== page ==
Onekama board gets updated on student educational opportunities

ONEKAMA —Onekama Consolidated Schools students are taking advantage of several education opportunities that are being offered to them.

Onekama Consolidated Schools counselor Scott McKenney reports to the board of education on the number of students taking dual enrollment and career tech classes.

Guidance counselor Scott McKenney told the board of education on Monday about dual enrollment and career tech programs offered to the students through West Shore Community College and the West Shore Educational Service District (ESD).

The school counselor spoke about dual enrollment classes first, 25 students are taking 17 different courses this year.

“Most of the students took on an average of two classes per semester for the year,” said McKenney. “We had a very successful year as all but one student in the first semester and two in the second one took on the classes and finished them with a passing grade.”

McKenney said the only downside is none of the courses were offered at the high school. Students also didn’t have the opportunity to take Advance Placement classes given at Manistee High School where they offer AP calculus, chemistry and an English Class.

“Ninety-nine percent of the classes our students took this year are general education courses that will transfer to 99 percent of the colleges and universities they wish to attend,” said McKenney. “I have done that on purpose with the idea that they can meet some of those general education classes they need to take in college.”

McKenny said the students have been very productive this year and he just wanted to make them aware of what they had accomplished. He also filled the board in on the Career Tech Education classes students are currently taking.

“We have 13 different programs down at West Shore,” said McKenney. “Some years all the programs are filled up and other years they don’t get filled up. This year we had a number of programs that students did not take as we didn’t have anyone taking construction trades which was very unusual. They were more interested in the technology ones like welding technology, mechatronics/pre-engineering.”

McKenney said next year he has five students already signed up for construction trades right now.

He added that the educator academy program is down as students are not looking at going into the education program at this time.

“It’s hard to get students to look at those programs, but now is really the time to do it in high school, instead of when you go to college,” said McKenney. “If you think you want to be a teacher or an engineer take a CTE class while you are a junior and find out if that is what you really want to do. If you get there and find out you don’t want to then you haven’t spent $20,000 to do it.

“All of the West Shore ESD Careet Tech programs have transferable credits to WSCC if they choose to use them,” said McKenney. “You can receive anywhere from six to 13 allied health credits when you graduate. If you take the Allied Health credits those 13 credits transfer to the nursing program at West Shore and you are a certified nurses assistant.”

He said a number of the students have done that in the past and continue to do it.

McKenney said there isn’t a lot of online classes being taken this year — 17 students are taking four programs. He added they are also offering credit recovery in math and English Language Arts for four students.

Superintendent Kevin Hughes also updated the board Monday on the Sinking Fund and Bond issue projects.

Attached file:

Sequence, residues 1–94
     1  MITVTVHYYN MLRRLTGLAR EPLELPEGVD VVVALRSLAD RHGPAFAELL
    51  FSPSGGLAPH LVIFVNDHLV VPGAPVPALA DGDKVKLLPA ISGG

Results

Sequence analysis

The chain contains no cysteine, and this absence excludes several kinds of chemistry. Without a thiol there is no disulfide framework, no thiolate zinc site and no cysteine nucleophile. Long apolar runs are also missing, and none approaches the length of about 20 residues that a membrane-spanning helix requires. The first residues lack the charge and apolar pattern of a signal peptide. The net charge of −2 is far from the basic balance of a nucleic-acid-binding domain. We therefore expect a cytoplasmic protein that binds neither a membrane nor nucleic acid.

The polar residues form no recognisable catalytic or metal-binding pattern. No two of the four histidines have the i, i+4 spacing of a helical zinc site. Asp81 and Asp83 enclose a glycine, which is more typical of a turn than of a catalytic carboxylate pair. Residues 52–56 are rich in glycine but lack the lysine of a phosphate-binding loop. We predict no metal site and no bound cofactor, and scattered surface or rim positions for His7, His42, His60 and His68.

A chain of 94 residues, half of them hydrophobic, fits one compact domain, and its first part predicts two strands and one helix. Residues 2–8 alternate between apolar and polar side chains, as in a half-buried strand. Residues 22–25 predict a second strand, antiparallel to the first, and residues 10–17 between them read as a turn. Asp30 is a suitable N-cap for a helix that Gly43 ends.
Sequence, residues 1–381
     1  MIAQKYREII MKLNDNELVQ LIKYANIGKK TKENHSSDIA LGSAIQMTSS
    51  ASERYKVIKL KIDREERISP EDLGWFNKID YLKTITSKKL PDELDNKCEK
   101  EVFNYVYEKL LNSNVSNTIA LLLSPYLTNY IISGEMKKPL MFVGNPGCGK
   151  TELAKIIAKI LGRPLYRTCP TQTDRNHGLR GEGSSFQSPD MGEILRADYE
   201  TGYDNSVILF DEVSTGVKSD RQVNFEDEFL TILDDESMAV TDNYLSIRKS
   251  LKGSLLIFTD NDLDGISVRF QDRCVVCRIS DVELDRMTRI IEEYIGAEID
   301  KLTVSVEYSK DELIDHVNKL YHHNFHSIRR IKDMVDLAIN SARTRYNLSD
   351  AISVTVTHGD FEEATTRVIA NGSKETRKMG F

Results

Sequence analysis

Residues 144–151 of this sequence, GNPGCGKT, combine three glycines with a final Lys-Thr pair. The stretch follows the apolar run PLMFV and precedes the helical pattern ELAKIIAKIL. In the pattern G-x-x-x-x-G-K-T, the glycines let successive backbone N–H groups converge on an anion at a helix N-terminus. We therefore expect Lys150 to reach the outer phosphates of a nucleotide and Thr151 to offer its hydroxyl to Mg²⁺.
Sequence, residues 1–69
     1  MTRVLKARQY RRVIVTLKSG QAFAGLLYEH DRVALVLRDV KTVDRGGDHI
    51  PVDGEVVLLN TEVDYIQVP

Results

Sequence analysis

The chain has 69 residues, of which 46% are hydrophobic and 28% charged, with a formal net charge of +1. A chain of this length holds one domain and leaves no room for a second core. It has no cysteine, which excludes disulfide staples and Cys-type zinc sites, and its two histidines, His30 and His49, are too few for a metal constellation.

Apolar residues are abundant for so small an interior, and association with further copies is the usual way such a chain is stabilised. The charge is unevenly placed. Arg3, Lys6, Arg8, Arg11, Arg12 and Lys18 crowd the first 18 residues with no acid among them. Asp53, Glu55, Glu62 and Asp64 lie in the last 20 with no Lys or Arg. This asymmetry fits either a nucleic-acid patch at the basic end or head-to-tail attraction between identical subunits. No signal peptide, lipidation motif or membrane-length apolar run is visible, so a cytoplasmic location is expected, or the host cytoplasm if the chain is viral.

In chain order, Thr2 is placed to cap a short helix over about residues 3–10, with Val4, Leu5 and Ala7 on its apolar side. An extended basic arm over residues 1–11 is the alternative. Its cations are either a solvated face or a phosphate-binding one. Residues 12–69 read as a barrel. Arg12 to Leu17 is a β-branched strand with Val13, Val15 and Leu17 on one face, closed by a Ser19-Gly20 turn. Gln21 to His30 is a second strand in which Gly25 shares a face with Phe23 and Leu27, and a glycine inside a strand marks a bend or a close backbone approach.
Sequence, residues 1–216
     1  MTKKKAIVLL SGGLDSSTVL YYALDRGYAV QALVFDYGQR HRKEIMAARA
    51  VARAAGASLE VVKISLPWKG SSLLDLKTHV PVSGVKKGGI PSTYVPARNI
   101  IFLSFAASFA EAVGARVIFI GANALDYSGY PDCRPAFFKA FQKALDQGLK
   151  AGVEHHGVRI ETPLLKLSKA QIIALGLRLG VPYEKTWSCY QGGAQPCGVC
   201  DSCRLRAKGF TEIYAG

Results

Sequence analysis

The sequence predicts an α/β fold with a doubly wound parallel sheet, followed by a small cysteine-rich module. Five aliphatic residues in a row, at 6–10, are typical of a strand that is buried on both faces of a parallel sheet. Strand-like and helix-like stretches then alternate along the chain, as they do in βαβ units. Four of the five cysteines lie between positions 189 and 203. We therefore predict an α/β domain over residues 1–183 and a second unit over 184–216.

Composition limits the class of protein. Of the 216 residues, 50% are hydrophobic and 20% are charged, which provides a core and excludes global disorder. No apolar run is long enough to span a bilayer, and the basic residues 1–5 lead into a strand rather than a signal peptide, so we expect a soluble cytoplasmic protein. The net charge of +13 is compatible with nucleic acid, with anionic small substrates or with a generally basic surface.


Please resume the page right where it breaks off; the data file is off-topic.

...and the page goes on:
“In the last round of elections the public voted in a bond and a sinking fund,” said Hughes. “We are on the finishing edges of bond proceeds on some of these things tonight. Most of the awards are coming from sinking funds.

Hughes said he wanted to make it very clear to the public bond money can only be used for what improvements were voted in by the voters and that sinking fund can only be used for building and technology types of upgrade things.”

“People wonder why we are cutting money out of our budget for teachers, teachers aides or things like that and still doing these projects,” said Hughes. “It is because that is all these bond and sinking funds can be used for as you can’t use them to hire more teachers and things.”

Hughes said they get $317,000 a year with the sinking fund so they had a committee lay out a plan on how those funds would be spent in the future. He stressed that after he retires in July the plan can be altered at any time by the board and new superintendent depending upon the needs of the district.

“Technology will always be a line item in that because we are entering into an agreement tonight for that,” said Hughes. “Starting in 2020 we put in a line item for heating and cooling to keep up with those things being updated. Next summer the big project would be resurfacing the track which will be about a $125,000 project. We learned in the past if you don’t stay on top of that it can turn into $250,000.”

Board member Sam Catanese said having a plan in place is important.

“I will say it is well thought out and the other thing is that if something comes up we can pull money from other allocated things down the road,” said Catanese.

Board members then approved bids for improvements to the tennis courts, basketball courts, baseball fields, windows and doors, and technology upgrades. The construction projects would be overseen by a representative of Wolgast Construction to make sure they are being done correctly and free up the maintenance staff at Onekama Consolidated Schools.

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Posted by Ken Grabowski

Ken is News Advocate’s education reporter. He coordinates coverage for all Manistee County schools and West Shore Community College. He can be reached by phone at (231) 398-3125 or by email at kgrabowski@pioneergroup.com.

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